The headline reads: Lil’wat artist’s work to be displayed prominently in Pemberton
The subhead: Mayor Richman hopes project will stimulate conversation about the ‘shared land that we live on’
The story, by Joel Barde, in the Pique, is below.
Conversation can only happen when thoughtful people are willing to start the dialogue. I love and appreciate the honesty this has launched with – these are tough conversations.
In the spirit of reconciliation and ongoing efforts to enhance the downtown core, the Village of Pemberton (VOP) will display the artwork of Lil’wat Nation artist Levi Nelson on banners along Portage Road.
The brightly coloured pieces—entitled Medicine Man Summoning the Spirits and Creatures of Land & Water—were created in the Woodland Cree style, an art movement originated by Ojibwe artist Norval Morrisseau in eastern Canada. They will include the Ucwalmícwts place name for the Pemberton area: “Nkwukwma.”
According to the Village, workers will begin installing the banners on Wednesday, Jan. 2. And in the spring, the VOP will incorporate more of Nelson’s work, installing several banner wraps on utility boxes.
“He’s very, very talented,” said Richman. “Just the beautification of having (Nelson’s) work in the Village is going to be great.”
Richman added that he hopes the prominently displayed artwork will help stimulate conversation and open up a dialogue on “the shared land that we live on.”
That message resonates with Nelson, who is currently in his third year at the Emily Carr University of Art + Design and recently won the coveted IDEA Art Award, landing his artwork on the walls of Vancouver General Hospital and UBC Hospital.
He said he submitted eight paintings for the project—including two that combine cowboy and Lil’wat Nation iconography and were created specifically for the project—and was then forced to reflect when the selection committee chose the Woodland-Cree style paintings.
“I was a little apprehensive about it, and I wasn’t sure how people would take it,” said Nelson, noting that perhaps there might be an expectation that the art should more closely reflect the artistic tradition of Lil’wat Nation.
In the end, Nelson discussed the issue with his professors at Emily Carr, who shared that today’s Aboriginal art scene is increasingly cross-cultural.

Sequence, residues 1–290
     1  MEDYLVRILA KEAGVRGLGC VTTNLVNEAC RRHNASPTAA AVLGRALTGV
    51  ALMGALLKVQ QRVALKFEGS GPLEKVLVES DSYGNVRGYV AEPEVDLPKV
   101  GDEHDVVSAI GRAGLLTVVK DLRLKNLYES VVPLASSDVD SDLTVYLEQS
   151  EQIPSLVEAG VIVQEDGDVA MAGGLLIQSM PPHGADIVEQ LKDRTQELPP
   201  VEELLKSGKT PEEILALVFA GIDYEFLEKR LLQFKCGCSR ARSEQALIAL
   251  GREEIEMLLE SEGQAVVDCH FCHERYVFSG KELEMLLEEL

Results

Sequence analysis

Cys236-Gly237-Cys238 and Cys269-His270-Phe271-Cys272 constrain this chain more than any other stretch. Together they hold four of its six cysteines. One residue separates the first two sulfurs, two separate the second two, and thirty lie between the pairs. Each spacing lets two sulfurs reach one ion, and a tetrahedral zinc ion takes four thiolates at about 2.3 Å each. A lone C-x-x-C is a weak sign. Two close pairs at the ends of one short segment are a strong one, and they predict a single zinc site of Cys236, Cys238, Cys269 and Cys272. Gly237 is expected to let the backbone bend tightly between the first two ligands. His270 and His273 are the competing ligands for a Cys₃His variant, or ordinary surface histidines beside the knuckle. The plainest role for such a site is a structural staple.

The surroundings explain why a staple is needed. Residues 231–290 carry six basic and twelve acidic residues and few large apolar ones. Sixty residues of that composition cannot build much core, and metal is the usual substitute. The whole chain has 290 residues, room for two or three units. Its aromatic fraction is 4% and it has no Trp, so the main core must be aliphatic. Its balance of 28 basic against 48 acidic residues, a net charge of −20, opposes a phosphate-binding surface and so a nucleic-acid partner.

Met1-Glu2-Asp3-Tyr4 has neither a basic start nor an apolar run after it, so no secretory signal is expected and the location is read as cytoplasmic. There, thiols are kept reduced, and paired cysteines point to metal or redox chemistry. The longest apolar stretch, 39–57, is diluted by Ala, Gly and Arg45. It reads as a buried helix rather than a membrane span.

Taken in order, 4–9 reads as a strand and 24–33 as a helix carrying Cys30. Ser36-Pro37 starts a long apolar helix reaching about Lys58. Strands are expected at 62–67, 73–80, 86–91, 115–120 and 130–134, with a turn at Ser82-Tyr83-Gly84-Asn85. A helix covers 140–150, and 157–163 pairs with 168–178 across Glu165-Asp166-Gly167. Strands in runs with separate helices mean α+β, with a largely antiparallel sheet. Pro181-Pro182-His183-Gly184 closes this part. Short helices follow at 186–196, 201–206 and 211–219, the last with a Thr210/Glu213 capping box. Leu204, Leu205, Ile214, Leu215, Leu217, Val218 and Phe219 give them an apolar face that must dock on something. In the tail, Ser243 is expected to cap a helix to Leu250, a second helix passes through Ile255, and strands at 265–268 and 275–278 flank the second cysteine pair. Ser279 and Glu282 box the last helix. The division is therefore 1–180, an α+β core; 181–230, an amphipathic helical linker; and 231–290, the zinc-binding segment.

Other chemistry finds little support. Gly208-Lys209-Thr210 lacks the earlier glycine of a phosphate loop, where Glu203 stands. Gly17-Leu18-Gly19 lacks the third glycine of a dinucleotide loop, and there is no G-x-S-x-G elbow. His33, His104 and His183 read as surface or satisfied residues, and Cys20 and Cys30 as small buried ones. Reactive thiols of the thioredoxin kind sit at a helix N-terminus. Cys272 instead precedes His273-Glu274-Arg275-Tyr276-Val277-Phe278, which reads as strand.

“You’ll have people on the Northwest Coast going to powwows and dancing in women’s fancy dance style, or you’ll have artists like me, borrowing and practicing from eastern Canadian art,” said Nelson.
“I think that is where we are at in contemporary Aboriginal art … the cross-cultural practicing of each other’s expressions.”
In the end, the artwork on the banners does reflect the Pemberton area, said Nelson, noting that the area looked far different before European settlement.
“So Pemberton and Mount Currie (was) basically this marshland,” he said. “That’s what inspired me to paint Creatures of Land & Water—the moose, loons and salmon” that lived there.
Nelson said that while he has felt supported and had a positive experience with Pemberton residents growing up, he’s been troubled by “angry comments from (some) about people from Mount Currie who may have alcohol addictions and are wandering the Village or in local parks.”
The roadblocks in the ’90s “kind of divided the communities, and it’s been kind of rocky ever since,” reflected Nelson.
He sees his work as contributing to the ongoing efforts to further reconciliation between Indigenous and non-Indigenous Canadians across the country. It’s important for smaller communities like Pemberton to “open up and welcome” Indigenous communities as part of the effort, he explained.
When asked what obstacles need to be overcome to further reconciliation, Richman said that it’s important to address “ignorance” around the legacy of colonialism and residential schools.
“I know that’s a word that scares people—but it’s not meant to insult,” said Richman. “It’s meant to say that our community is still very much uninformed at times as to what our shared past is, and what some of the impacts of colonialism have been on our First Nations neighbours.
“It’s not a matter of blame. It’s a matter of acknowledging that these things were done in our country and area and they still have lasting damage in communities.”
Asked if that sentiment resonates, Nelson said he feels it is spot on.
“Ignorance is the right word,” said Nelson. “Because when you don’t know about something—and you don’t know about the history or the tragedy of what happened to Aboriginal people during assimilation—you … wonder what happened to people,” he said.
“I hear it a lot, ‘well, why are they like that? Like they get all this free money … why don’t they make their lives better?’
“It’s a lot bigger than that, there is a large percentage of Aboriginal people who are dealing with post-traumatic stress that’s been handed down from generation to generation by way of alcoholism and even abuse.”
Nelson said that he hopes that his artwork will serve as an “optical representation” of relationship building—which he sees as vital and still in its early days.